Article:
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I have the starter motor on unscrewed But I can't seem to get it to drop.how do I get the starter motor to hit the ground?

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This is a test isn't it?

Posted on Nov 26, 2014

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Not seeing the car I would guess that you have another bracket that is holding the starter in also there might be a bolt coming from the transmission to engine that extends into the starter. Buy a manual for the vehicle is the best way to repair any vehicle

Posted on Nov 26, 2014

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Well.....depends on the vehicle sometimes. Have you referenced a repair manual for the vehicle you're working on? Might have loosen up a motor mount to gain the clearance you need, loosen up exhaust manifold, etc..... What kind of a vehicle is this?

Posted on Nov 26, 2014

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1 Answer

Wont start the starter is working yet it won crank what can I do


Did you check power an grounds using voltage drop testing , did you check battery voltage an computer control at the starter motor relay in the under hood fuse / relay box ? Instead of guessing you need to learn how to use a DVOM - digital volt ohm meter an test ! The powertrain control module controls the starter motor operation ! Starter Voltage Drop VEHICLE RELAYS Operation Diagnosis ,If you pull the relay an jump pin's 30 & 87 the starter should crank ,test the circuit starter motor side ! Pins 85 & 86 are the control side ., Pin 85 or 86 forget which one has battery voltage with the key on . The one with out voltage is control from the engine computer ! Also if the anti theft system is active it wont start !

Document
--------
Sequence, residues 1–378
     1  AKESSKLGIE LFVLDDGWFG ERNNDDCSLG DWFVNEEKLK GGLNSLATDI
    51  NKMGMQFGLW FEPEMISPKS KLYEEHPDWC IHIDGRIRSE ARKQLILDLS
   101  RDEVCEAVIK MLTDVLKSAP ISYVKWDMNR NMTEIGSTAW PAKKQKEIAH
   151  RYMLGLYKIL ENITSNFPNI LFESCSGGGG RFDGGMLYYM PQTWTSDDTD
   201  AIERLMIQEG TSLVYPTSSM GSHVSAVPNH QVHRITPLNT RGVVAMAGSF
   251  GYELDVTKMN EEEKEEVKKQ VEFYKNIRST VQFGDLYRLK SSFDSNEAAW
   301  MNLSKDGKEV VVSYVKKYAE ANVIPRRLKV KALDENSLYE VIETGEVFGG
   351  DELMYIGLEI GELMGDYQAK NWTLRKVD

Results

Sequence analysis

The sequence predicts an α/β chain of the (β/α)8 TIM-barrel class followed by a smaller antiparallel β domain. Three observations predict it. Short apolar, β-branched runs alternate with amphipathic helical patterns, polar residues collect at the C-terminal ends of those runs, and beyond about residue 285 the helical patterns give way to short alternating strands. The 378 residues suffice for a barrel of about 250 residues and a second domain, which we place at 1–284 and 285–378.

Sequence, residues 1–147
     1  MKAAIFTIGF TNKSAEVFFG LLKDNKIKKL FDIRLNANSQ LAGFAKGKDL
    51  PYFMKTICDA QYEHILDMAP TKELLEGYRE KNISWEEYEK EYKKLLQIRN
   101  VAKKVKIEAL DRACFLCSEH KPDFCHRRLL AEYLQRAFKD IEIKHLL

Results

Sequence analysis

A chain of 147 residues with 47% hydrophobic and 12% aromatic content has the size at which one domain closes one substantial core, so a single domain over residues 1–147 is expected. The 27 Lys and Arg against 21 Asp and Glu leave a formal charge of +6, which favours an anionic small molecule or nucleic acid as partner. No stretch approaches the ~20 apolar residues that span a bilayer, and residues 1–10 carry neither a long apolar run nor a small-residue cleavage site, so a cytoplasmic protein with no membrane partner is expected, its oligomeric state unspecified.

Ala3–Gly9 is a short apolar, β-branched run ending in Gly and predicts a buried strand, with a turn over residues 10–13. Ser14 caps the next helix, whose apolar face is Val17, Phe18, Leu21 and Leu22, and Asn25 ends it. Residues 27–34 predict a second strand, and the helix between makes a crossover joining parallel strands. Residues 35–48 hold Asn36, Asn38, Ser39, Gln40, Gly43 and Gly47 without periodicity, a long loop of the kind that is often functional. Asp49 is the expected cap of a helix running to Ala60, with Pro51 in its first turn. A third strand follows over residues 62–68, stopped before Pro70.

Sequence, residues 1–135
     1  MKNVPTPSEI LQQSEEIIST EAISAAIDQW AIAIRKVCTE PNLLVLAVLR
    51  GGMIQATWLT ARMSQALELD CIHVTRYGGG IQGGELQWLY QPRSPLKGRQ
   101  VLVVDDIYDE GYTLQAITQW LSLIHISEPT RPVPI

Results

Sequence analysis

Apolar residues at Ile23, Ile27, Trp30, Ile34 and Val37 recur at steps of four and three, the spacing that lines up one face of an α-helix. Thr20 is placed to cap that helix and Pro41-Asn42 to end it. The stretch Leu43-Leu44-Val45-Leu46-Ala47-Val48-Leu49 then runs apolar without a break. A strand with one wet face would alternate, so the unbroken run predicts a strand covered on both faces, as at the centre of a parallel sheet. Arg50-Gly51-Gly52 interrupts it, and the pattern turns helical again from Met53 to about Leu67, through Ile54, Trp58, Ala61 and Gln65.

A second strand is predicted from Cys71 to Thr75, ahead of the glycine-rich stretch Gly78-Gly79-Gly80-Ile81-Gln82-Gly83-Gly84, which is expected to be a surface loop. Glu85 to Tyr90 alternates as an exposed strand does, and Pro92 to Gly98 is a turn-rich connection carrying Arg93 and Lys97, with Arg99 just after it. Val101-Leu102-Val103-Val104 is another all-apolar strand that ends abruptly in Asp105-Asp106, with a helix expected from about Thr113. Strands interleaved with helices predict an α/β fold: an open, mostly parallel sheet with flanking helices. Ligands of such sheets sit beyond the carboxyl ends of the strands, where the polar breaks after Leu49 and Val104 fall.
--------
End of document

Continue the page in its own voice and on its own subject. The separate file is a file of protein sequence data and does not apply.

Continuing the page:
Aug 25, 2015 | 2005 Chrysler Pacifica

3 Answers

Car want start just clicks once


Electrical testing on the starter circuit should be done befor replacing parts . Engine ground circuit (cable) . The Trainer 47 What measuring voltage on the ground side means

Starter Voltage Drop

How to voltage drop test starter motor circuit


Mar 21, 2017 | 1996 Chrysler LHS

1 Answer

1999 GMC Sonoma 2.2L will not start.


What is wrong????????? That would be a guess on anyones part here ! Testing the electrical circuits involved would be the proper way to diagnose this no start problem ! Using a volt meter an wiring diagram to check voltage at different point's in the starter circuit . voltage drop testing ! Plus knowing how the starter system works !
Starter Circuit Operation
Voltage is applied at all times to the ignition switch from the IGN A fuse through CKT 42 (RED). When the ignition switch is turned to the START position, voltage is applied to the CRANK fuse through CKT 5 (YEL). From the CRANK fuse , voltage is either applied to the clutch pedal position switch (M/T) or the park/neutral position switch (A/T) through CKT 806 (PPL). When either the clutch is disengaged (M/T) or the transmission is in park or neutral (A/T), voltage is applied to the coil of the starter relay through CKT 1035 (PPL/WHT). Since the starter relay is permanently grounded at ground G102 through CKT 150 (BLK), the starter relay energizes.